Messages Against Racism

While Kevin Harvick won the June 7 Cup race at Atlanta, that’s merely a historical footnote compared to what happened before the green flag dropped.

In the wake of two weeks of social unrest and protests against police brutality following the death of George Floyd in police custody, NASCAR drivers issued a video condemning racial inequality and racism. Bubba Wallace, the only Black driver in the Cup Series, wore a Black Lives Matter shirt on pit road. A Black NASCAR official saluted the American flag from his knee during the national anthem.

Bubba Wallace wore a Black Lives Matter shirt before the Cup race at Atlanta Motor Speedway. (Photo by Chris Graythen/Getty Images)

On the final pace lap, the field was stopped near the start/finish line and NASCAR President Steve Phelps delivered a message, saying “Our sport must do better. Our country must do better” in addressing racism.

Over the next three days, Wallace called for the banning of Confederate flag at NASCAR tracks, NASCAR began permitting peaceful protests during the national anthem and on Wednesday announced its Confederate flag ban hours before the first night race at Martinsville Speedway.

The Martinsville race saw Wallace and his No. 43 Richard Petty Motorsports Chevrolet sporting a #BlackLivesMatter paint scheme, which he drove to a 11th-place finish.

 

Kurt Busch seeks first Las Vegas win, but without hometown fans

Kurt Busch
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A win by Kurt Busch in tonight’s Cup race at Las Vegas Motor Speedway (7 p.m. ET on NBCSN) couldn’t come under more bittersweet circumstances for the Chip Ganassi Racing driver.

Should Busch claim the victory on the 1.5-mile track, he’d go from being the last driver on the playoff grid (3,001 points entering the race) to the first driver to advance to the Round of 8.

While it would be his first victory of the year, it would also be his first NASCAR win at his home track in 23 starts across the Cup and Xfinity Series.

More: Stage points critical at Vegas

“The Vegas track has definitely been one of the tough ones for me over the years with results and finishes not where I would have expected them to be,” Busch said this week. “And the teams that I’ve raced for just have never quite found that right magic set-up or combination. And then for me, it’s a track that I just have that trouble with.

“There are a few tracks like Indianapolis and Martinsville; those are a few places where I struggle. And so with Vegas, I always put that little extra hometown pressure on myself and I would love to win there.”

The 42-year-old Las Vegas-native rolls off ninth on the 1.5-mile track. It’s his fourth while driving for Ganassi.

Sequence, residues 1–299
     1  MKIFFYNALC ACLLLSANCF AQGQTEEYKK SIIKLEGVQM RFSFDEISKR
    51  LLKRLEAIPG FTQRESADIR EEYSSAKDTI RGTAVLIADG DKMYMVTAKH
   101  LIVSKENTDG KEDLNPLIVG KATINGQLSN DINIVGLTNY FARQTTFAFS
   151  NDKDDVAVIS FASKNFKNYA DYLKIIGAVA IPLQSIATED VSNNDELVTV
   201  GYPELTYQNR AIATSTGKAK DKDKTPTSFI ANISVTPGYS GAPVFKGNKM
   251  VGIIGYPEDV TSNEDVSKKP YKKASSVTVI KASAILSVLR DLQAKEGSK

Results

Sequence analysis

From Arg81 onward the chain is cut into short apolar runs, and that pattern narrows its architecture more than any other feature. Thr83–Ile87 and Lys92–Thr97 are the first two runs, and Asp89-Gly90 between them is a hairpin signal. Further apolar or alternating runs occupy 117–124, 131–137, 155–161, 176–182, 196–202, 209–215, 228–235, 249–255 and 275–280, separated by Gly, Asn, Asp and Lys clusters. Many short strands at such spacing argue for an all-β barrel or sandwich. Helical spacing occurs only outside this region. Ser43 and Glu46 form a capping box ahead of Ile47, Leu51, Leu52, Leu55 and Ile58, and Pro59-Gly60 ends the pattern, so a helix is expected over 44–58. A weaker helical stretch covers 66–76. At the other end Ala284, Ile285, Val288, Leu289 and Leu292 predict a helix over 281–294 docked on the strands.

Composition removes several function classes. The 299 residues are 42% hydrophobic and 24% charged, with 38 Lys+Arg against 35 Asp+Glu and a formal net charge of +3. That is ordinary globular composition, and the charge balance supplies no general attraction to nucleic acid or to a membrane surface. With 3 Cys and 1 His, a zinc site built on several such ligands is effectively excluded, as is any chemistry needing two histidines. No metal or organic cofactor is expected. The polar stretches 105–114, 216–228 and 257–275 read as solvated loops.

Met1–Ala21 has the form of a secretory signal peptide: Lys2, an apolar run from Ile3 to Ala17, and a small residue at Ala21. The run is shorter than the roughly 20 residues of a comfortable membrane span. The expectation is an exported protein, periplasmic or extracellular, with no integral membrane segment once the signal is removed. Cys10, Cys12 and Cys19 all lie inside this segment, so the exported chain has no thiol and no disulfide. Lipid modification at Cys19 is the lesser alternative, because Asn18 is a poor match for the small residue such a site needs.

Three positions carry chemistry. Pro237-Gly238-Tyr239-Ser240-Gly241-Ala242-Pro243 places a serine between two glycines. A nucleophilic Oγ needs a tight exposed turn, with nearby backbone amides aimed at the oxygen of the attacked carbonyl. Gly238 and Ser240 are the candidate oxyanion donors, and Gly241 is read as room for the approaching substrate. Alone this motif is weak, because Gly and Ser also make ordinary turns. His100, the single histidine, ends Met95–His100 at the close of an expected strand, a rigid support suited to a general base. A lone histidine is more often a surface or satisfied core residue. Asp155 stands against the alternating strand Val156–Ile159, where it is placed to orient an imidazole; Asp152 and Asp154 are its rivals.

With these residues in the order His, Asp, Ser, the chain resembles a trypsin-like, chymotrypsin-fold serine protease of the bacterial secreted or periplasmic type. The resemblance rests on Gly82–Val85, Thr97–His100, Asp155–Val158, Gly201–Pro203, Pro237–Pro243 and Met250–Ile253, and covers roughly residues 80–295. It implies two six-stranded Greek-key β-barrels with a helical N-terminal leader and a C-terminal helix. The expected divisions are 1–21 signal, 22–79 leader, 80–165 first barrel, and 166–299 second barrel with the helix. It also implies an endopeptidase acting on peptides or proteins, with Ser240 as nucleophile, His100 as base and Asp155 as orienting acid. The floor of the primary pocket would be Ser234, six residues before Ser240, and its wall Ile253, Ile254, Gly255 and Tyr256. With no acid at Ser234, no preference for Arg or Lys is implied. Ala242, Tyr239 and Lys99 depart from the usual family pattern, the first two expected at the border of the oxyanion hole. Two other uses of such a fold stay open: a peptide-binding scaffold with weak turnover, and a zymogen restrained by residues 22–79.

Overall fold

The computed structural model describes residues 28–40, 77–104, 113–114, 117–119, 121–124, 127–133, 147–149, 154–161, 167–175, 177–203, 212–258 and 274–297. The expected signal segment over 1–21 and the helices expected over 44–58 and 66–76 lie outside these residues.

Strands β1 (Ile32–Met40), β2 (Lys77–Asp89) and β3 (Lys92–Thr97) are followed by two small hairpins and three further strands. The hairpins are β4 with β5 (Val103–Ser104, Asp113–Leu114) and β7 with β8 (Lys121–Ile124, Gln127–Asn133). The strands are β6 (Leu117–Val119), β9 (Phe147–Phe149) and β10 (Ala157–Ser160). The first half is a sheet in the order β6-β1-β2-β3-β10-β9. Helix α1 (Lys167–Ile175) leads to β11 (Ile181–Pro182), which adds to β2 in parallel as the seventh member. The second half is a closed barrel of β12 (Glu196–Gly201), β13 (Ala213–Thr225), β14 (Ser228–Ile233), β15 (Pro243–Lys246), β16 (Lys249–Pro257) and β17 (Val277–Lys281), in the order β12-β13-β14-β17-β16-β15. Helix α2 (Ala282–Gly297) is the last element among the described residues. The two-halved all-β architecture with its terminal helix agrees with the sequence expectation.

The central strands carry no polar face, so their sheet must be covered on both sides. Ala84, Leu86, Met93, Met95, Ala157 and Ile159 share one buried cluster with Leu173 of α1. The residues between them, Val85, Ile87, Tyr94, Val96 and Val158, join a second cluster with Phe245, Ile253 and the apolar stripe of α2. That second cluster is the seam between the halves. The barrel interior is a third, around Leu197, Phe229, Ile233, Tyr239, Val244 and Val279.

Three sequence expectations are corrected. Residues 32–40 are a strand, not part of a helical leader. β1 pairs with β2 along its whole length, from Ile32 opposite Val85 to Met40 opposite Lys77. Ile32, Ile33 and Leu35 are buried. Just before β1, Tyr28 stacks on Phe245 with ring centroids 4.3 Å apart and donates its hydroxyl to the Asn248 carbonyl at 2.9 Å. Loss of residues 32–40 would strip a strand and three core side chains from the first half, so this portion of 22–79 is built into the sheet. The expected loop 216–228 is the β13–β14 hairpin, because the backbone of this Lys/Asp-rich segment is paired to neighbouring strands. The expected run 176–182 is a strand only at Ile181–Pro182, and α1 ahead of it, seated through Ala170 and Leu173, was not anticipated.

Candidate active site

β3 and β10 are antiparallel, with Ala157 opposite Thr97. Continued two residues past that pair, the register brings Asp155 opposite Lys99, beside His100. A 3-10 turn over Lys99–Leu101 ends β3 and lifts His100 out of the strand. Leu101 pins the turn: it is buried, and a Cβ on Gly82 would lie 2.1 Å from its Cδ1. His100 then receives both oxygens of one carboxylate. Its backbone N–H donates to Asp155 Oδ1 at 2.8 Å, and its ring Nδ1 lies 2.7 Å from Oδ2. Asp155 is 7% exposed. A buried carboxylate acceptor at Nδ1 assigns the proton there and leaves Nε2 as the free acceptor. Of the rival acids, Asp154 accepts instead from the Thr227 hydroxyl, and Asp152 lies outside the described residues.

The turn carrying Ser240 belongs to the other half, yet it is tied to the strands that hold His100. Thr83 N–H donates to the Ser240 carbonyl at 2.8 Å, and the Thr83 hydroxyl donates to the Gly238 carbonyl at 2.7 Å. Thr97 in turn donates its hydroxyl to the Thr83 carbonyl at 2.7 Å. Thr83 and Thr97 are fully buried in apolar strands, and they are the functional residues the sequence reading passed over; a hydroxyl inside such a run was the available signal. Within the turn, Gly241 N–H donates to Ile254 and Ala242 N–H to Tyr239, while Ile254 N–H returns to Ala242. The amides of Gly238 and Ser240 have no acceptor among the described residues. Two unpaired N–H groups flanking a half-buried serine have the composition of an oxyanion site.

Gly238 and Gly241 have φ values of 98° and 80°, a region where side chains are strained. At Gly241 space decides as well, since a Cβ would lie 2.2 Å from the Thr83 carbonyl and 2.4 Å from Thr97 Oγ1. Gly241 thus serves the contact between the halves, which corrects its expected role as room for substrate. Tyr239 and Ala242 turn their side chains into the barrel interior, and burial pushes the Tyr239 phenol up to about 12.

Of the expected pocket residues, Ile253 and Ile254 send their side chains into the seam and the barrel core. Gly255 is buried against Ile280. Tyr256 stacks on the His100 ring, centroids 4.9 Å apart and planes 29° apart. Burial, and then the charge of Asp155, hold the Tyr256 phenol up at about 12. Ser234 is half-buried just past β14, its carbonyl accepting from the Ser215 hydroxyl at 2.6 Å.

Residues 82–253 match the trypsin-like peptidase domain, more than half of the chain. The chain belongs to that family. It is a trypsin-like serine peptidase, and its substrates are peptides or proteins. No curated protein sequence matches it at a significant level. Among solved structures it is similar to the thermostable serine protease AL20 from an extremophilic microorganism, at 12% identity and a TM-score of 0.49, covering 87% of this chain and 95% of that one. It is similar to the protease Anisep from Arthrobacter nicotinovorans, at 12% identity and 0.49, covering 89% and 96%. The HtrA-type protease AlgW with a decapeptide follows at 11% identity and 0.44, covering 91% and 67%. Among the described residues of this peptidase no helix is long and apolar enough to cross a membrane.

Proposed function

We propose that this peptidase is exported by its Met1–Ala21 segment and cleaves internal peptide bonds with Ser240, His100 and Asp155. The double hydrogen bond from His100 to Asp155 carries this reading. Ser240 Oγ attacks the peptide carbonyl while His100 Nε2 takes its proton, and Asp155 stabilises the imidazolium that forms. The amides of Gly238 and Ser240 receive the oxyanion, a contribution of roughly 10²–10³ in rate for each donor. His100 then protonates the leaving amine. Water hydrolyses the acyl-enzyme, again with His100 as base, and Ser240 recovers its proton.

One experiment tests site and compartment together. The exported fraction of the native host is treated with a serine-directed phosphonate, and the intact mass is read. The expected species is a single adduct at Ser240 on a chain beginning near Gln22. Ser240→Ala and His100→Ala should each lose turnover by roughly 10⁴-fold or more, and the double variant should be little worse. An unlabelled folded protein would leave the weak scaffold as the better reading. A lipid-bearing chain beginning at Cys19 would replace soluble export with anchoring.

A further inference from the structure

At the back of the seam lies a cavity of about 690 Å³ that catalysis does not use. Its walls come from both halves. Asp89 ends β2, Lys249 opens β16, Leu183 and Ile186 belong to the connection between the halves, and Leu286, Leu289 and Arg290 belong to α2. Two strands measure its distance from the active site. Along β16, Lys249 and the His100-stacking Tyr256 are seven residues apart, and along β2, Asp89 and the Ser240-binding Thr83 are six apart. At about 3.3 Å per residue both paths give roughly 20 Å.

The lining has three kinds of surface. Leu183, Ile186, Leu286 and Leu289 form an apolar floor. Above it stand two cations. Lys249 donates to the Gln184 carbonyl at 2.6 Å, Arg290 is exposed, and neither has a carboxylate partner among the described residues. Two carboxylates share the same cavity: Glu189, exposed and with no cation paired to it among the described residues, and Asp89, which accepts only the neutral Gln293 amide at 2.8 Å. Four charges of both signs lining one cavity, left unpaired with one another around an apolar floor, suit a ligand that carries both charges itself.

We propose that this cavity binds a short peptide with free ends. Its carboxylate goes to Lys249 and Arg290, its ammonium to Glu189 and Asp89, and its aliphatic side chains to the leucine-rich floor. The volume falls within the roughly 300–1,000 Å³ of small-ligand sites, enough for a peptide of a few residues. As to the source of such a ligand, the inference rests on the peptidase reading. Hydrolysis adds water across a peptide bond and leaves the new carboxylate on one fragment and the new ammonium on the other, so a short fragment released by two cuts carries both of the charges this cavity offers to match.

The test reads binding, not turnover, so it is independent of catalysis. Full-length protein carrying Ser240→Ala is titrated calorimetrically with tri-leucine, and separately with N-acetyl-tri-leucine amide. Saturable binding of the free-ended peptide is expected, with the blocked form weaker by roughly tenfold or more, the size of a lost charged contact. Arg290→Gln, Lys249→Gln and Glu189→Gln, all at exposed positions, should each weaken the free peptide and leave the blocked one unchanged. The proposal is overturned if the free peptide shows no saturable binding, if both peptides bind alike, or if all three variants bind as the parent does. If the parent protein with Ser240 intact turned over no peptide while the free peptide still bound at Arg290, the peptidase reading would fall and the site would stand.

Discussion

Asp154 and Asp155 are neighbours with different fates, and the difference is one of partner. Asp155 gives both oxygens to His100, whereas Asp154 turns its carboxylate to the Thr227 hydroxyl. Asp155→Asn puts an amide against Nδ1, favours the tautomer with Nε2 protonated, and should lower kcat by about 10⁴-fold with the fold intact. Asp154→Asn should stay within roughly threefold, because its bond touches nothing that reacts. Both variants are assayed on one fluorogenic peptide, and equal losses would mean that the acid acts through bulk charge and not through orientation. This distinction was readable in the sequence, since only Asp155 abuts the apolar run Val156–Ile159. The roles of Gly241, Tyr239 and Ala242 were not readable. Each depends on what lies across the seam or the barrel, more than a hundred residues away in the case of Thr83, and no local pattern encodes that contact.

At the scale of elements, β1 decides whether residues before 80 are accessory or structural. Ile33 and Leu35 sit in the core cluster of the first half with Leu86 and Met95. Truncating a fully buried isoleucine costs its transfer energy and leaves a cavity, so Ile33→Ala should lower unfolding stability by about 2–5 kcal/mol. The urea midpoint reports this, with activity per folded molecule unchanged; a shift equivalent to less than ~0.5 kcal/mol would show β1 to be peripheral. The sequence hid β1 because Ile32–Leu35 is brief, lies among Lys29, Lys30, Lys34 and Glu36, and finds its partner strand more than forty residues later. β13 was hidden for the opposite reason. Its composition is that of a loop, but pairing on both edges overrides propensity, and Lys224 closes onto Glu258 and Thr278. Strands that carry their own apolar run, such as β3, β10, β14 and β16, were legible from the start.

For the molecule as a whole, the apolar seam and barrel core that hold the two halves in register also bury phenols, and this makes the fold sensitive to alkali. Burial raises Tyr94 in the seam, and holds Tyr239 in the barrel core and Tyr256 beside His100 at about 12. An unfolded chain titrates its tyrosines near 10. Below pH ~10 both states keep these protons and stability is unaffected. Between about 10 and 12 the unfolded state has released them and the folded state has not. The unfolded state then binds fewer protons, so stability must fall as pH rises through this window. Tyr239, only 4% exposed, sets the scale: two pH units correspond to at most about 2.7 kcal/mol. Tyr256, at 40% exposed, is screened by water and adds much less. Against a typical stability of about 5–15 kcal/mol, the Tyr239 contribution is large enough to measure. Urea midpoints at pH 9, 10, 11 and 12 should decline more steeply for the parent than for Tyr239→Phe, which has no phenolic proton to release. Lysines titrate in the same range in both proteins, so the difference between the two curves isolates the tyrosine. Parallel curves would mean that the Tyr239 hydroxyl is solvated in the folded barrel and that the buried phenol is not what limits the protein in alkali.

In his 21 Cup starts in Las Vegas, Busch’s best result is third in 2005 when he competed for Roush Fenway Racing. He has just one other top five. That came in last year’s spring race when he drove a throwback paint scheme to his 1999 NASCAR Southwest Series championship.

That day he led 23 laps. It was only the seventh time he’d led laps there and just the third time he’d totaled more than six laps led.

In February, Busch finished 25th.

If Busch were to finally make it to Vegas’ Victory Lane, the celebration would be somewhat muted.

It was announced last weekend that fans would not be allowed to attend the races at Las Vegas due to the COVID-19 pandemic.

“I would love to win through the spirit of the camera and everything on NBC Sports; and I know the fans there, local, will be watching and cheering on the Busch brothers,” Busch said. “So, that’s where I would connect. And hopefully do it through the TV side of it. We’ll get fans back one day and we’ll come back and race.”

Busch enters the Round of 12 having earned just one top 10 in the first round, an eighth-place finish at Darlington. He finished 13th at Richmond and 15th at Bristol.

“What I like is we have had better lap times at all three races so far compared to maybe the five or six races leading into the playoffs,” Busch said. “We know that our cushion is gone. We ended Bristol with 33 points to the good. And now we start Vegas minus four (points behind Austin Dillon in the cutoff spot). So that’s just part of the system and now we have to be perfect. We have to get every point possible that we’re able to get on our own at Vegas, Talladega, and the Roval. And, that should help us advance.”

Carolina Blue: Brad Daugherty and Michael Jordan bonded by NASCAR

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Brad Daugherty and Michael Jordan were teammates from 1982-84 at the University of North Carolina and Eastern Conference rivals throughout the 1980s and ’90s in the NBA.